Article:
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april/may 2016 travel news 9
Into The Abyss - A Kenya Airways Story
There are three images, one in our Opening Shoot and two in the News section that will
serve to remind us that while the world aviation industry is happily ordering more Boeing
777-300ER aircraft to their fleets, Emirates now has 170 of them - with more on order,
while our home-town hero Kenya Airways has parked three of these almost brand-new
aircraft, because it says it does not make economic sense for them to fly them at this
moment in time.
That might be the case, but pray tell why they are they still sitting at Embakasi more than
six-months after they last flew a revenue earning flight for the airline – costing a fortune in
debt servicing for starters. Surely an airline on the waiting list (3-4 years as of today) for new
777-300ERs (list price US$330 million) would consider buying these aircraft, obviously at
an almost new, with a second-hand discount. Leasing out is another possible alternative.
I’ve spoken on social media a lot about the state of affairs at our national airline. We
Kenyans have a love-hate relationship with OUR airline, so proud when it was making
record-breaking profits so disappointed with the present state of affairs.
That the airlines management is playing the blame game to cover for the massive losses
the airline has incurred over the past three years is obvious. It appears that everyone but
the airlines management is to blame.
Blame Game Reason # 1 – the downturn in Kenya’s tourism industry for causes known to
all of us. In the years of plenty I clearly recall Kenya Airways management telling all who
would listen that most of their traffic was through Nairobi and not to it, making the point that
a downturn in Kenya’s tourism would have no impact on the airline whatsoever. Meaning
it was network traffic from say Malawi to India or Zambia to London both through Nairobi
rather than, for instance, Nairobi to London point-to-point traffic. They boasted at the time
of up to 70% of the passengers on a typical flight from Europe to Nairobi were destined to
points beyond Nairobi and v.v.
Blame Game Reason # 2 – fuel hedging, this is when the majority of the world’s airlines
bought fuel on the futures market which is highly speculative, but is known to save them
money when oil prices are high. Right now we all know oil prices have tanked, which
should be a bonus to all airlines and the likes of you and me at the petrol station. Airlines
who had bought forward have had to take the losses incurred between buying high and
now selling low. Most seem to have managed the pain without incurring massive losses,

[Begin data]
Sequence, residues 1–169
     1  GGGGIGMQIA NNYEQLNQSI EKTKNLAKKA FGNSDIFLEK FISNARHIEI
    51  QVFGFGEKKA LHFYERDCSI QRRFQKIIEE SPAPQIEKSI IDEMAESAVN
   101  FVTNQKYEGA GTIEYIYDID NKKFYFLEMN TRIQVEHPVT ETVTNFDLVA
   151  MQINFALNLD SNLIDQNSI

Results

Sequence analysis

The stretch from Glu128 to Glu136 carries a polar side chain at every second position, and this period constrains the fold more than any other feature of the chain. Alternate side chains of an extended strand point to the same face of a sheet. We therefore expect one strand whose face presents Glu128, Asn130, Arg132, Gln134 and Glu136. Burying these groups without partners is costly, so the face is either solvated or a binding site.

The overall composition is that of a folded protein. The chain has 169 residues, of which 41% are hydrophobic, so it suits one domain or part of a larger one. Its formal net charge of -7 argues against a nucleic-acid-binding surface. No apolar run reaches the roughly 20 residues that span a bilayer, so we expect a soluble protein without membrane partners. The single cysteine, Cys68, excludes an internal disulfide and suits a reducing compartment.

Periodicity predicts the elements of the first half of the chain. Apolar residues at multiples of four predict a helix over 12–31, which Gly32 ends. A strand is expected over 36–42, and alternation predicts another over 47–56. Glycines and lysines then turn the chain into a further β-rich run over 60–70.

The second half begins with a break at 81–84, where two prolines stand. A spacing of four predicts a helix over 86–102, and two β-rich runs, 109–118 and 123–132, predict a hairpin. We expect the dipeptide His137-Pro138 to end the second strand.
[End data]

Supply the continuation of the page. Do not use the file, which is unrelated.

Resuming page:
most reporting record profits because of the self-same low fuel prices.
Blame Game Reason # 3 – KLM, a minority shareholder, for imposing itself on the airline
through management appointments all the way from the CEO on down. KLM it is said also
has too much undue influence on the airlines decision making processes. I’m told that
they ‘bully’ the airlines management – and that they in turn are unable to stand up to this
type of intimidation.
Blame Game Reason # 4 – non-specific foreign exchange losses. Income I’m assuming
is mostly US$ based while expenditure in the main, is also safely presumed to be in the
self-same US$. Head office expenditure is in Kenya shillings, which over time immemorial
has depreciated against the dollar.
Blame Game Reason # 5 – competition, mainly from Middle East airlines. Surely this is
not something that just jumped out of the hat? Competition is a business reality, you meet
it or you perish.
I’ll leave it you to make your own decisions, based on what only can be termed rather lame
A Kenya Government Senate Select Committee formed to look into the Kenya Airways
losses, reported problems with the airlines management in defending its Board decisions.
The Committee Chaired by Professor Anyang’ Nyong’o (Senator-Kisumu) concluded that
the following led to the latest mega-loss of Kshs.25 .7 billion (US$257 million):
· Poor management decisions
· Operational Inefficiencies
· Failure to counter competition
· Poor customer relations
· Frequent flight cancellations
· Poor investment decisions when buying/leasing aircraft
· Poor human resources policies
· Non-competitive ticketing system
Broad brush strokes without being at all specific, you’d agree? You'd also agree right on
There is one overriding issue here, which has not been addressed in much detail whatsoever
here and in most other forums. And that is the management of the airline, or the distinct
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